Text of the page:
ARGONNE, Ill., May 16, 2017 — Every day, with little notice, the Earth is bombarded by energetic particles that shower its inhabitants in an invisible dusting of radiation, observed only by the random detector, or astronomer, or physicist duly noting their passing. These particles constitute, perhaps, the galactic residue of some far distant supernova, or the tangible echo of a pulsar. These are cosmic rays.
But how are these particles produced? And where do they find the energy to travel unchecked by immense distances and interstellar obstacles?
These are the questions Frederico Fiuza has pursued over the last three years, through ongoing projects at the Argonne Leadership Computing Facility (ALCF), a U.S. Department of Energy (DOE) Office of Science User Facility.
A physicist at the SLAC National Accelerator Laboratory in California, Fiuza and his team are conducting thorough investigations of plasma physics to discern the fundamental processes that accelerate particles. The answers could provide an understanding of how cosmic rays gain their energy and how similar acceleration mechanisms could be probed in the laboratory and used for practical applications.
While the “how” of particle acceleration remains a mystery, the “where” is slightly better understood. “The radiation emitted by electrons tells us that these particles are accelerated by plasma processes associated with energetic astrophysical objects,” says Fiuza.
The visible universe is filled with plasma, ionized matter formed when gas is super-heated, separating electrons from ions. More than 99 percent of the observable universe is made of plasmas, and the radiation emitted from them creates the beautiful, eerie colors that accentuate nebulae and other astronomical wonders.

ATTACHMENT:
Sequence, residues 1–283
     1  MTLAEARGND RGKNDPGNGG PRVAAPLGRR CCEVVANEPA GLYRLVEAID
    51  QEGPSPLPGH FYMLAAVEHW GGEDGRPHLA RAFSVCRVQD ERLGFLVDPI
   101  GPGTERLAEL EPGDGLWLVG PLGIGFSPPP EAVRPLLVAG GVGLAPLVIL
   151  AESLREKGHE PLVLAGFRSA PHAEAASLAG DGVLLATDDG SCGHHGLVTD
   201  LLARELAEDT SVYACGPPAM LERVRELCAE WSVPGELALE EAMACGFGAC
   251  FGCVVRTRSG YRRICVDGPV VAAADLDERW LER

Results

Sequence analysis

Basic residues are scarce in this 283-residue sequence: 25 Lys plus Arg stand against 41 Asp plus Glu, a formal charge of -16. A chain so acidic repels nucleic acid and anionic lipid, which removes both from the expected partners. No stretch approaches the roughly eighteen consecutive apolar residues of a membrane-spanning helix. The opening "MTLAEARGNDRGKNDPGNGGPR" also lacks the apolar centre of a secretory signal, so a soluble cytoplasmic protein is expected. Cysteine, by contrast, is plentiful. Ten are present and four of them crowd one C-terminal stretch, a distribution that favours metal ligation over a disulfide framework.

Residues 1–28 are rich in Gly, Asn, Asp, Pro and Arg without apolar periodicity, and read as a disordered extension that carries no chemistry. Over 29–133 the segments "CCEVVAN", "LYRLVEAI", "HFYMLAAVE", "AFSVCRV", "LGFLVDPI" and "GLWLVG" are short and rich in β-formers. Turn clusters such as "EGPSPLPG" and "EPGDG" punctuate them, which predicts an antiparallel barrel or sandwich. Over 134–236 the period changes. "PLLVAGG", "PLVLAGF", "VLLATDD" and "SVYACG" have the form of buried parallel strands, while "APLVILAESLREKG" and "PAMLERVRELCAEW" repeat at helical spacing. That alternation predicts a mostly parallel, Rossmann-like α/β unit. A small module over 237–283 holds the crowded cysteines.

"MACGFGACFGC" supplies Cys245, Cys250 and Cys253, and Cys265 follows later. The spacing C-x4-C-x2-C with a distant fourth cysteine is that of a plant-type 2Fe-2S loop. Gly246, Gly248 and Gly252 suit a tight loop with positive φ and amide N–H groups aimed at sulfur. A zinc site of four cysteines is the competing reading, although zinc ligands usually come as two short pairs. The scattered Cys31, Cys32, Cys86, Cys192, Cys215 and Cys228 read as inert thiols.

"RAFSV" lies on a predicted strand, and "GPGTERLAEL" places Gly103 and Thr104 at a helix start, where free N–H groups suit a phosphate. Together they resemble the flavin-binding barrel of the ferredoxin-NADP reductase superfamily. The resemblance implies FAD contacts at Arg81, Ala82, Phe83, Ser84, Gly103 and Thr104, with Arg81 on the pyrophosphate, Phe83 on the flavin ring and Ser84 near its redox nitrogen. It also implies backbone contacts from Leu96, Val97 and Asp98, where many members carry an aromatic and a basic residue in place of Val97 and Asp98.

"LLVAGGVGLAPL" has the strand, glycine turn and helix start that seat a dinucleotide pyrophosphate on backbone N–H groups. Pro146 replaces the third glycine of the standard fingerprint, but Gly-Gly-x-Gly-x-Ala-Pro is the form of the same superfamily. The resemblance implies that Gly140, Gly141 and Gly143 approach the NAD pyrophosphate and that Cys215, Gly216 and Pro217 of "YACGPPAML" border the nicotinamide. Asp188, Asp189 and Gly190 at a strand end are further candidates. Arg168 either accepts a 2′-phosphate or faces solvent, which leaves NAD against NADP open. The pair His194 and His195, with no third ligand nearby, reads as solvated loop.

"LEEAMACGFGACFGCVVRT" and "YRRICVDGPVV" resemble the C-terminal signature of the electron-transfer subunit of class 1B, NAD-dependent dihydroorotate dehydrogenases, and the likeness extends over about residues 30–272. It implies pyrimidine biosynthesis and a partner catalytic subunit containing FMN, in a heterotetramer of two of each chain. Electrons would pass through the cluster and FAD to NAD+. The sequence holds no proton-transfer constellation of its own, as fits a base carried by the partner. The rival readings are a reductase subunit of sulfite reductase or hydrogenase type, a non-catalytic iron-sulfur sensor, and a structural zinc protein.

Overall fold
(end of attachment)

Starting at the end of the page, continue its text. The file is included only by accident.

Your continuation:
The motivation for these projects came from asking whether it was possible to reproduce similar plasma conditions in the laboratory and study how particles are accelerated.
High-power lasers, such as those available at the University of Rochester’s Laboratory for Laser Energetics or at the National Ignition Facility in the Lawrence Livermore National Laboratory, can produce peak powers in excess of 1,000 trillion watts. At these high-powers, lasers can instantly ionize matter and create energetic plasma flows for the desired studies of particle acceleration.
To determine what processes can be probed and how to conduct experiments efficiently, Fiuza’s team recreates the conditions of these laser-driven plasmas using large-scale simulations. Computationally, he says, it becomes very challenging to simultaneously solve for the large scale of the experiment and the very small-scale physics at the level of individual particles, where these flows produce fields that in turn accelerate particles.
Because the range in scales is so dramatic, they turned to the petascale power of Mira, the ALCF’s Blue Gene/Q supercomputer, to run the first-ever 3D simulations of these laboratory scenarios. To drive the simulation, they used OSIRIS, a state-of-the-art, particle-in-cell code for modeling plasmas, developed by UCLA and the Instituto Superior Técnico, in Portugal, where Fiuza earned his PhD.
Read the full article at: https://www.alcf.anl.gov/articles/fields-and-flows-fire-cosmic-accelerators
Source: John Spizzirri, Argonne National Laboratory